It’s jumping the gun a little early, with two games to go tonight, but a couple of random observations that I’ve enjoyed from this football weekend.
First, Michigan managed to win against Air Force. I don’t know if it was because of Alabama’s defense or just the game plan, but Robinson broke a few big runs in this game after hardly even attempting them in the first week. That was nice to see. After Robinson graduates this year I hope we go back to more of a traditional Michigan pocket passer, but in the meantime you have to let the guy do what he’s good at. He’s a better runner than passer.
Sticking to college football, I saw this quote in an ESPN article: “Whether you’re giving them the ball at the 20 or the 40, they’re capable of throwing an 80-yard touchdown pass.” That’s UL-Monroe coach Todd Berry talking about Arkansas. It would indeed be something pretty awesome if they could throw an 80 yard pass from the 40!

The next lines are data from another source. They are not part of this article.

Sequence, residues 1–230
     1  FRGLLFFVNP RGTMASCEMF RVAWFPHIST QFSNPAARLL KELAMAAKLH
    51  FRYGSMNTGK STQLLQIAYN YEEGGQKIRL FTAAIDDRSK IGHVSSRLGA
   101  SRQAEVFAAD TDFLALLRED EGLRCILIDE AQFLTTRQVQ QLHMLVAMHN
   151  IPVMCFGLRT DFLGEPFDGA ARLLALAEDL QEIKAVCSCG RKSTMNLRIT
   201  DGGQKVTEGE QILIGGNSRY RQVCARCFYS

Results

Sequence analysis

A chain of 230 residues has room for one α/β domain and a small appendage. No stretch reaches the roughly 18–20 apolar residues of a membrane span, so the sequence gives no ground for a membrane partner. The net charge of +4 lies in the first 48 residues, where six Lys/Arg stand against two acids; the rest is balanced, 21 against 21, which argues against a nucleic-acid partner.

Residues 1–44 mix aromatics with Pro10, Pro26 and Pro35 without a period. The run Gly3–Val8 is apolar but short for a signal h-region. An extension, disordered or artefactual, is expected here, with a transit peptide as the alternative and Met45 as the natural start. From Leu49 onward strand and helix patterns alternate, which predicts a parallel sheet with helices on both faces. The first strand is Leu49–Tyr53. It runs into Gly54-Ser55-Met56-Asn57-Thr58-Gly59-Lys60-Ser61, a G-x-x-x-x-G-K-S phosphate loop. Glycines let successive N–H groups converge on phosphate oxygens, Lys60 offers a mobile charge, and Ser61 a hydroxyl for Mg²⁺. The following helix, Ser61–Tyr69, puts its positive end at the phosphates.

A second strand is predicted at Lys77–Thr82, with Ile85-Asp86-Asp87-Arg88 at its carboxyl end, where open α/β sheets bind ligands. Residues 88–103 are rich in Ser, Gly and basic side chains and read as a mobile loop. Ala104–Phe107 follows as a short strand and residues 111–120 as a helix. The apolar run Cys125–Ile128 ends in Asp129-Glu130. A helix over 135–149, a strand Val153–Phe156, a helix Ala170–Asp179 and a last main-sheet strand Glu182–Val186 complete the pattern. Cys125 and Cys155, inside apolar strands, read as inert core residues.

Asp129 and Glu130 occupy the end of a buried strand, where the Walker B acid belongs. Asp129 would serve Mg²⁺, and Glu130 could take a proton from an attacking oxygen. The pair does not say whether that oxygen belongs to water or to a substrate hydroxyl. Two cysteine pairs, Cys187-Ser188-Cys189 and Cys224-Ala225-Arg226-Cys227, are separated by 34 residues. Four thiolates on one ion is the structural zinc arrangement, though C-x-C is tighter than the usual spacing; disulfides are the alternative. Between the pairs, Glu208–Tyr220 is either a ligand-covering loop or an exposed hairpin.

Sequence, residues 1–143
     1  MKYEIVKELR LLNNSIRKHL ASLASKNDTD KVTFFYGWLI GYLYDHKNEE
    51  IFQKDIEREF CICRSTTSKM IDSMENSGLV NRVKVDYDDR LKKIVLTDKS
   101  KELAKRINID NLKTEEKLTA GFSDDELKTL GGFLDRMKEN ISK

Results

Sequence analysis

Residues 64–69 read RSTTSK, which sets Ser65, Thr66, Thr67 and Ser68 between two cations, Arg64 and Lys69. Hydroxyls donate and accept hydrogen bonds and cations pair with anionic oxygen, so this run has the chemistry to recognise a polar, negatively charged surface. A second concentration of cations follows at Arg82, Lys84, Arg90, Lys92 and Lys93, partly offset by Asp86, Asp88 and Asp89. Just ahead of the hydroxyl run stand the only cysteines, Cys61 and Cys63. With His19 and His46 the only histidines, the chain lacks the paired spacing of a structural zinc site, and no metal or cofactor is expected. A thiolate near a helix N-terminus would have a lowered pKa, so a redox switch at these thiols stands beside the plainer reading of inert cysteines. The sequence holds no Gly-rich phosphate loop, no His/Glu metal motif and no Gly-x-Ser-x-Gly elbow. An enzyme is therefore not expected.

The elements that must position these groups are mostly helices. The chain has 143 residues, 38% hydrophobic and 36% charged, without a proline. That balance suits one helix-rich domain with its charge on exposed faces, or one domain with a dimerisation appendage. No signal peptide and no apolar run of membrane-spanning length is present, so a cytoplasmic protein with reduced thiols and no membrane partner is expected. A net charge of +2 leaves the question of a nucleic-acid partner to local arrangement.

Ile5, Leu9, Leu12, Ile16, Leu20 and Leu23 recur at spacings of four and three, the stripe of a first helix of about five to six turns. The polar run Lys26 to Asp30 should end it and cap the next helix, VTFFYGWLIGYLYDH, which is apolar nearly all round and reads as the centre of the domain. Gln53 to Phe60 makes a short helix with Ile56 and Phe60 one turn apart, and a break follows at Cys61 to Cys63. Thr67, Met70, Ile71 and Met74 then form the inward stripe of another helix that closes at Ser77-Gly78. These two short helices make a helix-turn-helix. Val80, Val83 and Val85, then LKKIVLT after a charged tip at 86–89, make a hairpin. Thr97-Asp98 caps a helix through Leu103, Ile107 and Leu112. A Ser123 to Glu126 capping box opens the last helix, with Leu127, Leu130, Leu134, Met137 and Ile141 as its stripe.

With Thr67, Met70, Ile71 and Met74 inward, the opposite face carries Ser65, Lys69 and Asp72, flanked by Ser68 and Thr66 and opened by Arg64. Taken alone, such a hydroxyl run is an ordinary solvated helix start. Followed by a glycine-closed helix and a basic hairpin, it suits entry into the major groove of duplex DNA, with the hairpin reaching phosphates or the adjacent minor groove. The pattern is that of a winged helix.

And moving to the NFL, the Lions also managed to squeak out a win against the Rams. They did it in an unusual way, too, which is by losing the turnover battle. Obviously they didn’t win by turning the ball over; it’s much more common to lose that way. There were 10 games this weekend where the turnovers were unequal between teams at the end of the game; the team with more turnovers lost 8 times. The exceptions were the Eagles, who beat Cleveland despite losing 5 turnovers to 4, and the Lions, who had 3 turnovers to the Rams’ 0 (side note: in the three games where turnovers were equal, the home team won every time).
So on the one hand, it was a bit disheartening to see the Lions struggle against a team that should not be very good this year. On the other hand, getting a win in a game where you are -3 in turnovers is a gift not to be overlooked. If Stafford can stop throwing picks and the Lions can generate some turnovers of their own, future games should go more smoothly. However, I don’t think that will be true next week against the 49ers. Keeping the turnovers to a minimum is going to be a must just to keep the game close.